The difficulties facing youth offending teams (Yots) in terms of
getting young people back into education are not new. But the
additional pressure of ambitious Youth Justice Board targets on
numbers in full-time education has reinforced the need to keep the
issue high on the agenda.
Recent research at Peterborough Youth Offending Service shows
the struggle that Yots have with the targets: of the 73 young
people studied, almost three-quarters of them had already been
excluded from school.
“The difficulty in maintaining a school place for many young
offenders can be exacerbated by their criminal behaviour,” says
research author Zoe Ashmore, a consultant forensic psychologist.
“Most incidents of exclusion occurred in year nine and were for
abuse, disruptive behaviour, affronts to authority and physical
violence to peers.”
Once a young person has been excluded for several weeks, it can
be harder to make up lost time and easier to increase the risk of
disengagement, Ashmore adds.
Yet, despite these odds, the YJB expects Yots to have 90% of
offenders in full-time educational places in 2005. When you
consider that less than a quarter of the 155 youth offending teams
in England and Wales reported they had met the 80% target of March
2003, the size of the task ahead is only too obvious.
One of the main challenges is engaging young offenders, many of
whom have become alienated from the system for a variety of
“The young people we are working with are normally the most
disaffected ones who often have an ingrained negative attitude
towards education by the time they come to us,” explains Justin
Davies, education officer at Stockport youth offending team.
Providing alternatives to mainstream education is often seen as
a way to support the complex needs of such young people. In 2002,
Stockport Council’s education services and the local Yot set up the
Alternative Curriculum Experience to provide education for local
young people whose behaviour made them unsuitable for conventional
provision. It offers one-to-one learning support for young people
in an environment that is tailored to need and is not delivered
within a school setting.
However, as Davies points out, with only five places available
at any one time, the service although excellent cannot accommodate
all the young people who require it. To make any real impact, there
needs to be more resources and funding to offer a number of such
placements to young offenders, he adds.
In Lancashire, the youth offending team is developing extensive
links between education providers and other agencies to overcome
the barriers to education for young people who have become
Linking with schools, the team has recently secured funding to
enable the implementation of a wide range of restorative approaches
within three of them. Education officer Jennifer Martinez says:
“These approaches will include mediation, restorative conferencing,
circle time and mentoring, which will run alongside and support
existing initiatives and are designed to address inappropriate
behaviour and conflicts within schools.”
Other systems that Lancashire Yot has in place include
preventive measures such as the Group Intervention Panel, an early
intervention initiative for children and young people at risk of
becoming involved in crime or antisocial behaviour. It aims to
divert young people away from developing patterns of persistent
offending by ensuring that they have access to mainstream services,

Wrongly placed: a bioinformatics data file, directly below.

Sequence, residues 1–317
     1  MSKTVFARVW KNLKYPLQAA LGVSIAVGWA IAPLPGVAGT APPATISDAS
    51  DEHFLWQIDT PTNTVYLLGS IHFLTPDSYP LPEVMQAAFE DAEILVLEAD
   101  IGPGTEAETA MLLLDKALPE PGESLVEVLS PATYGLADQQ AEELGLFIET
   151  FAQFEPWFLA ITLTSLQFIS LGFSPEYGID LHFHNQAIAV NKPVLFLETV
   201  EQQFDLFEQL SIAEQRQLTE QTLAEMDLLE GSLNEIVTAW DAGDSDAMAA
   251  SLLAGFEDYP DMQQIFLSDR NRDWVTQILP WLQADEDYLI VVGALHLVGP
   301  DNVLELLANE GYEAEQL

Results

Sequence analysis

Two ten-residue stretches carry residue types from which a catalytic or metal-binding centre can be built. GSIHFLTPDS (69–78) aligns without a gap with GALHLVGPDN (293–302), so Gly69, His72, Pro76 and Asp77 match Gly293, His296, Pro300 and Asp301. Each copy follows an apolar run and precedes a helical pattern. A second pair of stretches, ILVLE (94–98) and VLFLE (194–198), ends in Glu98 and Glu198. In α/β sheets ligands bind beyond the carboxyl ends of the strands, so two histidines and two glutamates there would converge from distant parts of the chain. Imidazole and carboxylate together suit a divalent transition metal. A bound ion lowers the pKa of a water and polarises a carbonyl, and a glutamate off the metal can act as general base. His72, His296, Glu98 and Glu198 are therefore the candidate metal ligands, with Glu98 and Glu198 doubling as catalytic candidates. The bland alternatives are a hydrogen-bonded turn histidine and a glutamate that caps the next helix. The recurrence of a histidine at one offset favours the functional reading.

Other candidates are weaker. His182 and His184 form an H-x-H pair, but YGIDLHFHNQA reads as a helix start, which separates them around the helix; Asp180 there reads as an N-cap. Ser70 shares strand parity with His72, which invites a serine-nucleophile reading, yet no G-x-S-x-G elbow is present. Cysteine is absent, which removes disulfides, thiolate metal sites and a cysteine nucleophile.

and one-to-one support from panel staff.
Time for Youth, a programme set up by East Potential, a provider
of accommodation, training and employment opportunities for young
people in Essex and east London, takes another approach to
preventive work. It aims to address the problems which occur when
young people are caught in a cycle of homelessness and reoffending
by offering a range of support and interventions, including
accommodating 335 young people.
But despite all these successful initiatives at a local level, a
much more concerted effort by agencies across England and Wales is
needed to deal with the challenges around keeping young offenders
Ashmore believes research in this area would help youth
offending services to achieve the challenging targets set by the
“Delivery will require effective partnership work,” she adds.
“Success, while difficult to achieve, is likely to have a
significant impact on reducing offending and help us to better
understand how policy and practice must change.”
Coping with a mainstream educational place is very challenging
for a young person if they have spent some time out of school, and
a high level of support should be available for them. Peter Walker
is head teacher at Abbey School in Faversham, Kent. The school
doesn’t have a traditional pastoral system but instead has
non-teachers who are specifically employed to offer emotional and
behavioural support to pupils. It also has a counsellor on-site
three days a week. “School staff need to recognise that a young
offender being integrated into the school may have a lot of issues
to be dealt with and may be at a point where academic learning is
difficult,” Walker says. “Support to build self-esteem and
confidence is necessary to enable them into a position where
education is possible.”
If successful, preventive programmes targeting groups of
children and young people at risk of offending reduce the chances
of problems at later stages.
Planning for Success is a programme specifically targeting year
10 children at risk of offending that has been developed by Radhika
Bynon, extended school manager at Tom Hood Schol in Leytonstone,
Bynon says the focused group structure addresses the attitudes,
aspirations and accountability of the pupils who attend.
Though the programme is in its pilot stages, immediate
evaluation has shown encouraging results and a girls group is now
being organised too.
“We’re not in a position where we can say this has worked.” says
Bynon. “But we’ve had very positive feedback from the young